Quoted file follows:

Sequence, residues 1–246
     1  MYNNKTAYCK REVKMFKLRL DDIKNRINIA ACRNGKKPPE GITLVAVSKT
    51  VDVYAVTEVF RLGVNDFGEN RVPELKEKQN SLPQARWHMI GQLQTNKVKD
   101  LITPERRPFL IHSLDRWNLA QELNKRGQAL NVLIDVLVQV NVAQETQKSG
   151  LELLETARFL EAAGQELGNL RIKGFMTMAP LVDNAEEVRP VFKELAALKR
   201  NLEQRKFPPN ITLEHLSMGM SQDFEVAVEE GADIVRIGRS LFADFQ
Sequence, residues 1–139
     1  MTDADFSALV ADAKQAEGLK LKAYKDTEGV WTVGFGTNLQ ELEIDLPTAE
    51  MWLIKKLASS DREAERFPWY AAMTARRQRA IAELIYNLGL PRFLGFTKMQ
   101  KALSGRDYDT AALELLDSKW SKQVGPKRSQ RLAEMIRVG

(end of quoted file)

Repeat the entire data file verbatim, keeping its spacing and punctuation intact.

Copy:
Sequence, residues 1–246
     1  MYNNKTAYCK REVKMFKLRL DDIKNRINIA ACRNGKKPPE GITLVAVSKT
    51  VDVYAVTEVF RLGVNDFGEN RVPELKEKQN SLPQARWHMI GQLQTNKVKD
   101  LITPERRPFL IHSLDRWNLA QELNKRGQAL NVLIDVLVQV NVAQETQKSG
   151  LELLETARFL EAAGQELGNL RIKGFMTMAP LVDNAEEVRP VFKELAALKR
   201  NLEQRKFPPN ITLEHLSMGM SQDFEVAVEE GADIVRIGRS LFADFQ
Sequence, residues 1–139
     1  MTDADFSALV ADAKQAEGLK LKAYKDTEGV WTVGFGTNLQ ELEIDLPTAE
    51  MWLIKKLASS DREAERFPWY AAMTARRQRA IAELIYNLGL PRFLGFTKMQ
   101  KALSGRDYDT AALELLDSKW SKQVGPKRSQ RLAEMIRVG